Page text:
Japanese author Yoko Ogawa’s The Housekeeper and the Professor was a book club pick for February. Ogawa is an author whom I have only sampled through her interconnected short story collection, Revenge, which is vivid even two and a half years later. I plumped for The Housekeeper and the Professor as my book club choice because it sounded utterly charming, and looked like it would present a wonderful – and slightly unusual – slice of Japanese life. First published in Japan in 2003, and translated into English by Stephen Snyder, the novel both met and exceeded my expectations.
The Professor of the novel, a former maths teacher whose name we never learn, only has eighty minutes of short-term memory function, following a traumatic head injury seventeen years before the narrative begins. His memory effectively stops in 1975. Each morning, his housekeeper has to meet him anew: ‘… as the Professor and the Housekeeper are reintroduced to one another, a strange, beautiful relationship blossoms between them. The Professor may not remember what he had for breakfast, but his mind is still alive with elegant equations from the past’. It is she who narrates the story. The third character in the novel is the Housekeeper’s ten-year-old son. He is at first rather reluctant to spend so much time with the elderly Professor, but the two soon form an unshakeable bond.
The novel’s opening sentence really sets the tone for the whole: ‘We called him the Professor. And he called my son Root, because, he said, the flat top of his head reminded him of the square root sign’. Ogawa’s writing is lovely, and she sets scenes simply yet beautifully: ‘It was a rainy evening in early April. My son’s schoolbag lay abandoned on the rug. The light in the Professor’s study was dim. Outside the window, the blossoms on the apricot tree were heavy with rain’.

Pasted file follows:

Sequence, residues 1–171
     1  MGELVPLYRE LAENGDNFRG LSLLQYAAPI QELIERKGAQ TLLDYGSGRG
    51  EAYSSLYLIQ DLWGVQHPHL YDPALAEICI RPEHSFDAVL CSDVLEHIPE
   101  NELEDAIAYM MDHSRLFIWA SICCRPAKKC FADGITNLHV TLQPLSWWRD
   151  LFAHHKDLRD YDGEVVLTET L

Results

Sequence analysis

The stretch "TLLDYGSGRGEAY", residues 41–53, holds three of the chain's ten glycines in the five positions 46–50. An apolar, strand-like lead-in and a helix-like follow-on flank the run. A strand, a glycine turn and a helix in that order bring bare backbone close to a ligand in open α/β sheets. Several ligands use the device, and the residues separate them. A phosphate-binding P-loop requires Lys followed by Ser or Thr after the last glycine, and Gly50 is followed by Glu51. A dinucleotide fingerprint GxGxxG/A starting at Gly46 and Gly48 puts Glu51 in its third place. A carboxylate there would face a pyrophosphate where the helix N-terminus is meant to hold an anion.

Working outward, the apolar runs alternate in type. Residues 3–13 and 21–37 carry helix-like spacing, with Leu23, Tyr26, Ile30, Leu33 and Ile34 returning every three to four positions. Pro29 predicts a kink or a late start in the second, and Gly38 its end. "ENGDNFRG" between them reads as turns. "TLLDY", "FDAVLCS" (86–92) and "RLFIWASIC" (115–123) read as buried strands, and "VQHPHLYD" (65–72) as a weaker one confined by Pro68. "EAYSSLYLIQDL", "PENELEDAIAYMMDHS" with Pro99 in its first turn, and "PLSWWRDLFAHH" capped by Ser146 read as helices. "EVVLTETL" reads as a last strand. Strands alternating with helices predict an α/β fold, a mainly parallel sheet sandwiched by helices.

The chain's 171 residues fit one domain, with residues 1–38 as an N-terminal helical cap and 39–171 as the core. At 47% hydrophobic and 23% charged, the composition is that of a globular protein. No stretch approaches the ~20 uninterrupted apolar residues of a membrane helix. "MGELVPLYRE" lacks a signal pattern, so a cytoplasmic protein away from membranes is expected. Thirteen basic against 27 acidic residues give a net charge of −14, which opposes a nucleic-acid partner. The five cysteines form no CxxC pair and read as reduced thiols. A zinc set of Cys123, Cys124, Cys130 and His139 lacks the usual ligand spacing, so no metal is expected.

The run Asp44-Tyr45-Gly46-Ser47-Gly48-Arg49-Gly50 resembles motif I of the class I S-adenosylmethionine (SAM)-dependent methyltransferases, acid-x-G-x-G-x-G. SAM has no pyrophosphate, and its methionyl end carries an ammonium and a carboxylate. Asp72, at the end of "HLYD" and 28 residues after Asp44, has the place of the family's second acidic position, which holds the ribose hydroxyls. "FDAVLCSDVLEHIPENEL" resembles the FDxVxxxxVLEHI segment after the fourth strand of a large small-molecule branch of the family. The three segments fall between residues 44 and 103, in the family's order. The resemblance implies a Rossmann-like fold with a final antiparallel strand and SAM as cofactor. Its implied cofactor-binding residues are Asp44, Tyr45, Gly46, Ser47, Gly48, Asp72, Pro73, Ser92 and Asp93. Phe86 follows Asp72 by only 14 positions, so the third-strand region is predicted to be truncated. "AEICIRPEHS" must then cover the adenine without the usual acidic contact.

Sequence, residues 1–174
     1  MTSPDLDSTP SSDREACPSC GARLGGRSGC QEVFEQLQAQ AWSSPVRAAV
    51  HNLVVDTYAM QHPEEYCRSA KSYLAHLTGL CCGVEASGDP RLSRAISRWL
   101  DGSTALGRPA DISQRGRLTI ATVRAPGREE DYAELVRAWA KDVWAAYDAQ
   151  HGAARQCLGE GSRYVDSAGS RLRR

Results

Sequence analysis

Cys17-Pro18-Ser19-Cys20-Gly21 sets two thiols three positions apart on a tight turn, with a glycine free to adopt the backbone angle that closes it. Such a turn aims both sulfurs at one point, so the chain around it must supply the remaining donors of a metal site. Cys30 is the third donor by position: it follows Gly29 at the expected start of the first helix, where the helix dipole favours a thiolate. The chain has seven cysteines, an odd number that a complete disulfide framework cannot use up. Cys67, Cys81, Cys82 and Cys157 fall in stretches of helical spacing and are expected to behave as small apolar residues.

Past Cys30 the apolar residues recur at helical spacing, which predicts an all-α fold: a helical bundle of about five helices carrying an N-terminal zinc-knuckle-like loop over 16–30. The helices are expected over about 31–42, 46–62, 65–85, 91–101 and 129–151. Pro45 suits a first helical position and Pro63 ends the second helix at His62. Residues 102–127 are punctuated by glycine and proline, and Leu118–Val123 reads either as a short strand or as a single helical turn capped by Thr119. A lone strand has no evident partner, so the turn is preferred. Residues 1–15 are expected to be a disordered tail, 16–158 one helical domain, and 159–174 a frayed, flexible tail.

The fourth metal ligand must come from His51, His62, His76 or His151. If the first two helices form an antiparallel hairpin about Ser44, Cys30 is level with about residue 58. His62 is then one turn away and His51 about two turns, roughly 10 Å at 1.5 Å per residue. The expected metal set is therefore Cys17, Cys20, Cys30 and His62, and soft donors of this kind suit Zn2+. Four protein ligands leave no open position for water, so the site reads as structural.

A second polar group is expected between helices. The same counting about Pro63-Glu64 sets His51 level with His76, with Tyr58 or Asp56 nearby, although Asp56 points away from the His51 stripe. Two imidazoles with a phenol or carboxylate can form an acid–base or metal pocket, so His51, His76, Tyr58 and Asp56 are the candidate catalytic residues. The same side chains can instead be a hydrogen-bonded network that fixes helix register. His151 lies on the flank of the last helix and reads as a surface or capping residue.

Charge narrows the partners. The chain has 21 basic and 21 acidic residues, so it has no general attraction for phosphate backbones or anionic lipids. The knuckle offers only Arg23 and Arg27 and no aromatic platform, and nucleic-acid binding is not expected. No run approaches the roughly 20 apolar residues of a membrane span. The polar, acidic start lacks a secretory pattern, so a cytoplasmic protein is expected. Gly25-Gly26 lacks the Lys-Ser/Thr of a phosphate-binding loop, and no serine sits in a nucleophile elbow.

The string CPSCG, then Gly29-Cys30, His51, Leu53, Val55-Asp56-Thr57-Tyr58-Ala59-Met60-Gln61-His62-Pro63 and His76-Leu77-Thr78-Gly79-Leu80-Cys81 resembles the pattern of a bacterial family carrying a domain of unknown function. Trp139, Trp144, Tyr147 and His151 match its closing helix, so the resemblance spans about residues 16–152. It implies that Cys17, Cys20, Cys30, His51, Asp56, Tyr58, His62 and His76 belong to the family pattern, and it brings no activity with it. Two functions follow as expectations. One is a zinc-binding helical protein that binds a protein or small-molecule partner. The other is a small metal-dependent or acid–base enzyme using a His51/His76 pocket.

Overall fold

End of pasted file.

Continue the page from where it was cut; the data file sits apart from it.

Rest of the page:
Maths is the force which serves to really unite the trio; as the Housekeeper describes to us, ‘… I realized that he talked about numbers whenever he was unsure of what to say or do. Numbers were his way of reaching out to the world. They were safe, a source of comfort’. There are many mathematical problems, diagrams, and equations which have been included, but they seem a natural addition to the whole.
The Housekeeper and the Professor is rather a peaceful novel about understanding, trust, and family; protection, selflessness, and kindness. Ogawa’s prose is unfailingly lovely, and the whole has been sensitively wrought. The Housekeeper and the Professor is an understanding and deep tome, which transports the reader entirely. All in all, it is a satisfying novel, which restores one’s faith in humankind, particularly within these turbulent times in which we live.